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  1. #1
    kess's Avatar
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    Default Question about "white florals"

    So, when people talk about 'white florals', which florals are included? I assume jasmine, gardenia, orange blossom and tuberose. What about lily of the valley? Any others?

    Please educate me!
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  2. #2
    DocmanCC's Avatar
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    Default Re: Question about "white florals"

    I would include Osmanthus.

    I have a big bag of dried Taiwanese osmanthus I add to oolong tea... wonderful stuff.

  3. #3
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    Default Re: Question about "white florals"

    Yes kess, those flowers you listed are what most of us mean, when we speak about white florals.

    I think I personally use the term to describe indolic florals - not necessarily a flower that is white in color.

    I would think lemon tree blossoms might also be added to this category, does anyone disagree?
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  4. #4
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    Default Re: Question about "white florals"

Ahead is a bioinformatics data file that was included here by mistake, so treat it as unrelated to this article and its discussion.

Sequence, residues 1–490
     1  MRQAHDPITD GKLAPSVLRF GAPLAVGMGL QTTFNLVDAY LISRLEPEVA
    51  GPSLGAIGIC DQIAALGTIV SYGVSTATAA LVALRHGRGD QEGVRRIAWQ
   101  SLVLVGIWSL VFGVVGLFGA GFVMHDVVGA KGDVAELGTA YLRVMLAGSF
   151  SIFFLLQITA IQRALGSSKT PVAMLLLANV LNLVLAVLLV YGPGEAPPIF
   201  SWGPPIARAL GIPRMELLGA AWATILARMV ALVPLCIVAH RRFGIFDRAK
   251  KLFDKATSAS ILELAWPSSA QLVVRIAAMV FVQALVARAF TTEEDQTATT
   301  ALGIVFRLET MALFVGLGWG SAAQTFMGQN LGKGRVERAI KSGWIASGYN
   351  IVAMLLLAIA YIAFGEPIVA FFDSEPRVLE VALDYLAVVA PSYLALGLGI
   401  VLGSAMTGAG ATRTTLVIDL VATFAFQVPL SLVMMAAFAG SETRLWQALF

I would include lily also.

  5. #5
    kess's Avatar
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    Default Re: Question about "white florals"

    thanks for the comments.

    i'll go with mikeperez' explanation on 'indolic' flowers -- I seem to associate "white flowers" with heady scents.
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  6. #6

    Default Re: Question about "white florals"

    Iris?

  7. #7
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    Default Re: Question about "white florals"

    Quote Originally Posted by mr. reasonable View Post
    Iris?
    I don't think so.

    Iris has such a different quality to it than those others mentioned above.
    "Realize deeply that the present moment is all you will ever have."

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  8. #8

    Default Re: Question about "white florals"

    Aren't Iris scents are usually based on the scent of the dried and aged rhisome and not the flower? .
    Seek not the favor of the multitude; it is seldom got by honest and lawful means. But seek the testimony of few; and number not voices, but weigh them. - Immanuel Kant

  9. #9
    anais's Avatar
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    Default Re: Question about "white florals"

    I was looking in wikipedia for the term "indole" and I found some interesting information:

    "Indole is an aromatic heterocyclic organic compound (...) Indole is a solid at room temperature. Indole can be produced by bacteria as a degradation product of the amino acid tryptophan. It occurs naturally in human feces and has an intense fecal odor. At very low concentrations, however, it has a flowery smell, and is a constituent of many flower scents (such as orange blossoms) and perfumes. It also occurs in coal tar.